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Friday, February 17, 2017, 22:50

Tsang found guilty of misconduct in office

By Luis Liu, Li Yinze and Shadow Li

Tsang found guilty of misconduct in office
Former Hong Kong chief executive Donald Tsang leaves the High Court after verdicts were handed down on Feb 17, 2017. (Roy Liu/China Daily)

HONG KONG - Hong Kong’s former chief executive Donald Tsang Yam-kuen was convicted on one count of misconduct in public office for failing to declare a conflict of interest.

This makes him the highest-ranking official in the city’s history to be convicted of such a crime.

The offences were linked to his dealings with local radio company Wave Media’s applications for a radio license. He did not report to the Executive Council his connection with the company’s part owner, Bill Wong Chor-bau, while they were negotiating over a Shenzhen penthouse Tsang was going to retire to.

The misconduct charge carries a maximum of seven years in jail.

He was granted bail until Monday after the jury handed down an 8:1 verdict. He silently left the court with his wife and family.

The jury also unanimously decided that Tsang was innocent of another count of misconduct in public office – failure to declare his connection to interior designer Barrie Ho Chow-lai when nominating him for a medal of honor.

Ho was the designer behind the HK$3.5 million renovation of the Shenzhen apartment Tsang planned to live in after retiring.

The other charge of a Chief Executive accepting an advantage remained undecided.

The judge discharged the jury and announced the court will resume on Monday. The court may further debate the charge of accepting an advantage.

Under the Prevention of Bribery Ordinance, for a Chief Executive to accept an advantage is punishable by a maximum fine of HK$500,000 and seven years in jail.

The other charge of a Chief Executive accepting an advantage remained undecided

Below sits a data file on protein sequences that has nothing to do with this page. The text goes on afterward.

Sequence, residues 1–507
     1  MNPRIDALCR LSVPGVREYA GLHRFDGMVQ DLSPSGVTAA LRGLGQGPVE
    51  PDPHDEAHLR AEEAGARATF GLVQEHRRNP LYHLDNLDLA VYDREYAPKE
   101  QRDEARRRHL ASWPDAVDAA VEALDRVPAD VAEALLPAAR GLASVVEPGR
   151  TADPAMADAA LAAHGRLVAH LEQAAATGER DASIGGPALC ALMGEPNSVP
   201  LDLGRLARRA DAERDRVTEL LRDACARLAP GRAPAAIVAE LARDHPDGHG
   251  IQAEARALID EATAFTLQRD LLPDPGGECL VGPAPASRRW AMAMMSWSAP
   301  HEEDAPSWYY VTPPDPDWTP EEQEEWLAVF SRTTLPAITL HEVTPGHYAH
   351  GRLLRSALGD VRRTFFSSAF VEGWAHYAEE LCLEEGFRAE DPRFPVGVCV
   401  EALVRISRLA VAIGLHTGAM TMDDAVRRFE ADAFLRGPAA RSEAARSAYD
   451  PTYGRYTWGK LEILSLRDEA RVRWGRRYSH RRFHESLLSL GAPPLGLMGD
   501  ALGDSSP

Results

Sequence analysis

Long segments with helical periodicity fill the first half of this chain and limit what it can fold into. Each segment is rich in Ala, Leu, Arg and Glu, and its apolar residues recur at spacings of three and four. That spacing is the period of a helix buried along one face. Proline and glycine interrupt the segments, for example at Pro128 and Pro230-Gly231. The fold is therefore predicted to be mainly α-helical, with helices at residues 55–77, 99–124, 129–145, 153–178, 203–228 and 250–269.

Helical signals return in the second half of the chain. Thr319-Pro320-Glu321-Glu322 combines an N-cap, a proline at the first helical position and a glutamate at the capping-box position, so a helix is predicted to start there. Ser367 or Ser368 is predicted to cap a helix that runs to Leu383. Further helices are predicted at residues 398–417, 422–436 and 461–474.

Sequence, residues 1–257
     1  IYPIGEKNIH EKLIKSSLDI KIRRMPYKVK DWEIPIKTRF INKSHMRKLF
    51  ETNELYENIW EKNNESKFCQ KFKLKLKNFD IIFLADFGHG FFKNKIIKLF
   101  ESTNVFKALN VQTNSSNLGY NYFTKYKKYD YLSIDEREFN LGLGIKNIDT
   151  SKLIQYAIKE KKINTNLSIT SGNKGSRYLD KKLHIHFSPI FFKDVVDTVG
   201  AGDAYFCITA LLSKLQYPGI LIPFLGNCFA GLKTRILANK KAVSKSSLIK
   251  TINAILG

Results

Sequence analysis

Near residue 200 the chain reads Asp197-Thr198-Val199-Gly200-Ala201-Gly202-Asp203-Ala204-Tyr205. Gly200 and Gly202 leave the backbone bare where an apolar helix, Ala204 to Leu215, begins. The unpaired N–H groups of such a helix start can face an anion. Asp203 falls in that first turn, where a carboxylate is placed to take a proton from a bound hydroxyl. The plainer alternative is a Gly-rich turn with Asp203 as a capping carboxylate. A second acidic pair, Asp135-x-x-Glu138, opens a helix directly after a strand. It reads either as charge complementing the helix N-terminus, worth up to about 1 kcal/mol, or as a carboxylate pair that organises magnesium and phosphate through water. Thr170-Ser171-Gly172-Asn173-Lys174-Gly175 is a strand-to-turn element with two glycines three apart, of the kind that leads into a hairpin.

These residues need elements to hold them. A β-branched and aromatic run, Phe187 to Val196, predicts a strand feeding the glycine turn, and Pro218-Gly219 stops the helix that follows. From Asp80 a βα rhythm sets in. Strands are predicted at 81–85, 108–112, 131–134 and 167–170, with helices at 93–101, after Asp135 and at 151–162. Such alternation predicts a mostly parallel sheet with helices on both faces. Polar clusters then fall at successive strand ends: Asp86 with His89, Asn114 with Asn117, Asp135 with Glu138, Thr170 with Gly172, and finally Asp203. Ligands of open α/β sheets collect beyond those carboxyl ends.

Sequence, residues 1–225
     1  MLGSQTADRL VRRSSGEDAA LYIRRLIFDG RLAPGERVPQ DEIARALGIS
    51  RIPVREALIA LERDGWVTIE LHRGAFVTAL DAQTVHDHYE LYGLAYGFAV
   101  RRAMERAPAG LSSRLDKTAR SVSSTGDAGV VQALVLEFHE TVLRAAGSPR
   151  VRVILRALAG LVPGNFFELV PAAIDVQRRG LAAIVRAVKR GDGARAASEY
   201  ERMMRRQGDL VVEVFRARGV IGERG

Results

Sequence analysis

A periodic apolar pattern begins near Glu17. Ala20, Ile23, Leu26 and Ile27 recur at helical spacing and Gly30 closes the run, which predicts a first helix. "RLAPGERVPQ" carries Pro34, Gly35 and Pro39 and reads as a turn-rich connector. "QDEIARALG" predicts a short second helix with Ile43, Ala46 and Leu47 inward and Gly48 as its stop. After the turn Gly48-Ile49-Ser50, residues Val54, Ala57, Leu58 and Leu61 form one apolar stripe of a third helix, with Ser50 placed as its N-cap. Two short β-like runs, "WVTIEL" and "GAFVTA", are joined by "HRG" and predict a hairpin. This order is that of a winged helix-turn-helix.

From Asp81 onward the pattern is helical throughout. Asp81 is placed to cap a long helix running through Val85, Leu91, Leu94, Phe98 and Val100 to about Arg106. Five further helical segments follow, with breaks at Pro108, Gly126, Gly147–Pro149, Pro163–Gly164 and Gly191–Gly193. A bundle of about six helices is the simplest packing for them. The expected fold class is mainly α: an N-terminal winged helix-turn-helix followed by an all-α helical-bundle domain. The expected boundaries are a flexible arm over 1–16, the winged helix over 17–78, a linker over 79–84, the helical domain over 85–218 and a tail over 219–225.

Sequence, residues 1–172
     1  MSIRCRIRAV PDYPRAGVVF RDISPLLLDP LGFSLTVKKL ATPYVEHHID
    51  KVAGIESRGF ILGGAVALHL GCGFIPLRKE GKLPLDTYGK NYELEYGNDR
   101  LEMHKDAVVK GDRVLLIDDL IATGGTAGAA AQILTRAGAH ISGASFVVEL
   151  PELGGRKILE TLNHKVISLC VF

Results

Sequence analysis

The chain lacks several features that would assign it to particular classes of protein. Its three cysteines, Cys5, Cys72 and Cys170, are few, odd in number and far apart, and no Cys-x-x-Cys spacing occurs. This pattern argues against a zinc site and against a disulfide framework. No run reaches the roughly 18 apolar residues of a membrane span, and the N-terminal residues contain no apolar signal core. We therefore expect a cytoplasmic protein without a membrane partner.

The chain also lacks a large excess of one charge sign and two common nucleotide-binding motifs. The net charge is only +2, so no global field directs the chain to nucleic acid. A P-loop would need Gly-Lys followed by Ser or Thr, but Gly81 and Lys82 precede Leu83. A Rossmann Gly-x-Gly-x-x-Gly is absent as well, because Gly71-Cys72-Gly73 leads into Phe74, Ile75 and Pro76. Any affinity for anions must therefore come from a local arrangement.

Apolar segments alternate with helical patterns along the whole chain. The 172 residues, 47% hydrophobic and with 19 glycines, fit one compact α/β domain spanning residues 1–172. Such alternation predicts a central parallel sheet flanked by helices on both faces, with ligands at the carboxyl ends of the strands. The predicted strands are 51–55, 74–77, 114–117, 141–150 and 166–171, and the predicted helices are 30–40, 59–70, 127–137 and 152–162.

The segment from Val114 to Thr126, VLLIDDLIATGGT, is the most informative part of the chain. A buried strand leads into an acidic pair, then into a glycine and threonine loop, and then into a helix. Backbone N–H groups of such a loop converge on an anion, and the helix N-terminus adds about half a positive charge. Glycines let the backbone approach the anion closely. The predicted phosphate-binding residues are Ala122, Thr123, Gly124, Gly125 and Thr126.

The charges centered on a 6,700-square-foot three-story luxury penthouse in Shenzhen which Tsang rented from Bill Wong, a major shareholder of radio broadcaster Wave Media.

The broadcaster was later renamed Digital Broadcasting Corporation Hong Kong (DBC) and had its license application approved by the then Executive Council led by Tsang. However, Tsang was accused of failing to disclose his connection with Wong.

On Friday, the jury had requested the judge to clarify the definitions of “bribe” and “conflict of interest” in connection with Tsang’s charge over accepting advantage. The judge said they should comprehend the meanings themselves with reference to civil service regulations, as there is no exact definition in the law books.

The jury was also asked whether they believed Tsang had received an advantage from Wong. But they could not be sure whether it was linked to Tsang’s granting of the radio license to Wong’s partly owned company.

The judge repeated what he said in his initial directions that the prosecution accepted that they had to establish this connection - although this is not always necessary in corruption cases.

On Thursday, the jurors raised a further question on a separate misconduct charge. They wanted to make sure whether they were certain of a direct link between the government’s awarding of the radio license to the DBC and Wong’s alleged provision of free renovations for the Shenzhen apartment.

Barrister Albert Luk Wai-hung said it would be up to the prosecution to decide whether or not to pursue the charge of a CE taking an advantage - after the jury was dismissed for being unable to reach a majority vote.

He further explained that in this case, the prosecutor would normally wait for the sentence on the convicted count. If the sentence is severe enough, for example, reaching nearly the maximum term of imprisonment of seven years, the prosecution might not seek a retrial on the first count, Luk explained.  

If the prosecution does decide to go ahead with a retrial on the first count, a new jury will be selected, said Luk. He added that in no case would the verdict of the first count be handed down by the judge.

But Luk also noted that Tsang might not be sentenced to the maximum period of imprisonment with mitigation still pending.

Tsang found guilty of misconduct in office
(Graphic by Alex Tang/China Daily)

 

 
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